The Chain

The quick summery of the Seinfeld Productivity Secret is that you check off on the calendar each day that do whatever it is you’ve resolved to do each and every day.  Then, once you have checked off several days in a row you would not want to “break the chain” by not doing your task(s).  My issue with this is that things change for me so much from day to day that I couldn’t identify a single activity to track each (work) day.  So I am adding the idea of the chain to the frog eating.  I will track the frog eating on the calendar and try not to break the chain.

The Dew

As you can see from the picture, I was having some trouble getting a good chain going.  To help get the ball rolling I decided to put something on the line each day.  I basically gave up drinking pop about a year ago because it’s so bad for you.  But I still love it.  When I found these small cans of Mountain Dew I thought they would work well with the whole “frogs/chains” thing.  To get the most benefit out of this system you really should do your frog task in the morning.  When I get my frog eaten in the morning then I allow myself a mini-dew during lunch.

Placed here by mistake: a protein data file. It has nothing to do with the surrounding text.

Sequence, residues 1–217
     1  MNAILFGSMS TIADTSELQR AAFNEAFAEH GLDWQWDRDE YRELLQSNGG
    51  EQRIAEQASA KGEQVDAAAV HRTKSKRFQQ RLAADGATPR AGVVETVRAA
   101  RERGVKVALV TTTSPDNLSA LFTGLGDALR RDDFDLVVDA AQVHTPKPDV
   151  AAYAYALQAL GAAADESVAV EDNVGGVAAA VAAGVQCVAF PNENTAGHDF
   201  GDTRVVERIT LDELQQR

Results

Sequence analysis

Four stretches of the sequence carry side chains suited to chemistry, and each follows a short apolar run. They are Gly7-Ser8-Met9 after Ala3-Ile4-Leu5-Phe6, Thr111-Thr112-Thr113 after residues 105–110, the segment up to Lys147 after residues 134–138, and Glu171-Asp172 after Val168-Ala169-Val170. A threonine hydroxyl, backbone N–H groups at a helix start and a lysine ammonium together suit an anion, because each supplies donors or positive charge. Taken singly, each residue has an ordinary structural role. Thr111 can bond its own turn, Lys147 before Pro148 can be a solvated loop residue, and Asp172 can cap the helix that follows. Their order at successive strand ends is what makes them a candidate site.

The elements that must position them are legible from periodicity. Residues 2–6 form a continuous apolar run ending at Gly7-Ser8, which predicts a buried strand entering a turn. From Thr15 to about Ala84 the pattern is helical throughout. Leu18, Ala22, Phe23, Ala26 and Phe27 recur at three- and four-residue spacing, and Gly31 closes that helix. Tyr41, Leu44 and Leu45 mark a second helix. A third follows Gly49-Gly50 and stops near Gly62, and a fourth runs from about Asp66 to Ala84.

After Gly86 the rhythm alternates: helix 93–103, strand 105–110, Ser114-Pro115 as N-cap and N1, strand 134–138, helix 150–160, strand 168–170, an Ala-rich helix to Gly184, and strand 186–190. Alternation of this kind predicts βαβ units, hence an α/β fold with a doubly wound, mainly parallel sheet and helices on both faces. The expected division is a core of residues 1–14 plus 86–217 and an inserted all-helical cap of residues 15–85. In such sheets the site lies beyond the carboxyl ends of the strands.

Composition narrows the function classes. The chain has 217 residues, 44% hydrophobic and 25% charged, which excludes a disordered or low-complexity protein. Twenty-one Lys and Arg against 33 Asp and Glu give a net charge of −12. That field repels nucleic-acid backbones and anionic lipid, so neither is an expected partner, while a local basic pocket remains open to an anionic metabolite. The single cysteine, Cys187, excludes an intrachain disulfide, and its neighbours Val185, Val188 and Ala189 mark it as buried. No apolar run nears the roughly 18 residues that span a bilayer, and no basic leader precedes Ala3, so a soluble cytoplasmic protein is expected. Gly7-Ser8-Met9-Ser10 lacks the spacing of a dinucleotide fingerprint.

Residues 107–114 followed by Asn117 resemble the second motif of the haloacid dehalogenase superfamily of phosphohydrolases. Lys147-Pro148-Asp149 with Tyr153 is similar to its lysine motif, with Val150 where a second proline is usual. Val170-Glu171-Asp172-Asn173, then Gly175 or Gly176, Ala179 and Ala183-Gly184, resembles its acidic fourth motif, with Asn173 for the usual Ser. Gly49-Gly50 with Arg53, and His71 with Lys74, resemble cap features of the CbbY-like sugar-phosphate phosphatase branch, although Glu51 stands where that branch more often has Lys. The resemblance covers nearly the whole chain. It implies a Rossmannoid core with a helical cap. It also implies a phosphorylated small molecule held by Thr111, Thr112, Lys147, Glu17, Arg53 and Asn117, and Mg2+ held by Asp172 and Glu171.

The Summary

Each evening before I leave work, I decide on my frog for the next day and write it on my dry erase board.  The next day when I finish that task, I get to put a check on that day on the calendar and continue my chain.  If I get the task done before lunch then I also get to have some pop with lunch.  Of course you are welcome to try this exact same technique to get motivated and finish more important tasks.  However I think your best bet is to keep reading and create a system that works for you.  Good luck with that.

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My Best Advice

Posted by jeggent on 27th June 2014

biweeklyReportOk, so the title may be overstating things slightly.  However I do feel very strongly about this piece of advice.  This tip doesn’t really qualify as productivity or motivational but I think it’s related to both.

Record and Report Your Accomplishments!

For many years I did not see the value in spending much time recording and reporting my activities.  I felt like my time was better used doing “actual work” rather than talking about what I’ve already done.  I don’t remember exactly what the turning point was; but I do remember that I had several false starts.

— Record —